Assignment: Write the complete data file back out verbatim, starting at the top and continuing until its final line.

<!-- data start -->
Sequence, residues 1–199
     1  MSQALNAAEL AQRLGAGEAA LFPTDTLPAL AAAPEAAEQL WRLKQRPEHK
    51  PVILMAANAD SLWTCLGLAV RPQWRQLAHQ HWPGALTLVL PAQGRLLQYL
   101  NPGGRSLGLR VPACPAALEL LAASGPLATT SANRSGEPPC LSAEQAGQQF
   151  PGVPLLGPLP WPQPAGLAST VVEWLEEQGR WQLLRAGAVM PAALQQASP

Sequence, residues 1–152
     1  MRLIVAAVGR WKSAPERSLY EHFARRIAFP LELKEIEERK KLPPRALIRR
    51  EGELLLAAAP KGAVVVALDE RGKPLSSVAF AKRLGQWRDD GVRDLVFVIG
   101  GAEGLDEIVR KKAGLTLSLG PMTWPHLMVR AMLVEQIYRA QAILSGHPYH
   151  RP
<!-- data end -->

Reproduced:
Sequence, residues 1–199
     1  MSQALNAAEL AQRLGAGEAA LFPTDTLPAL AAAPEAAEQL WRLKQRPEHK
    51  PVILMAANAD SLWTCLGLAV RPQWRQLAHQ HWPGALTLVL PAQGRLLQYL
   101  NPGGRSLGLR VPACPAALEL LAASGPLATT SANRSGEPPC LSAEQAGQQF
   151  PGVPLLGPLP WPQPAGLAST VVEWLEEQGR WQLLRAGAVM PAALQQASP

Sequence, residues 1–152
     1  MRLIVAAVGR WKSAPERSLY EHFARRIAFP LELKEIEERK KLPPRALIRR
    51  EGELLLAAAP KGAVVVALDE RGKPLSSVAF AKRLGQWRDD GVRDLVFVIG
   101  GAEGLDEIVR KKAGLTLSLG PMTWPHLMVR AMLVEQIYRA QAILSGHPYH
   151  RP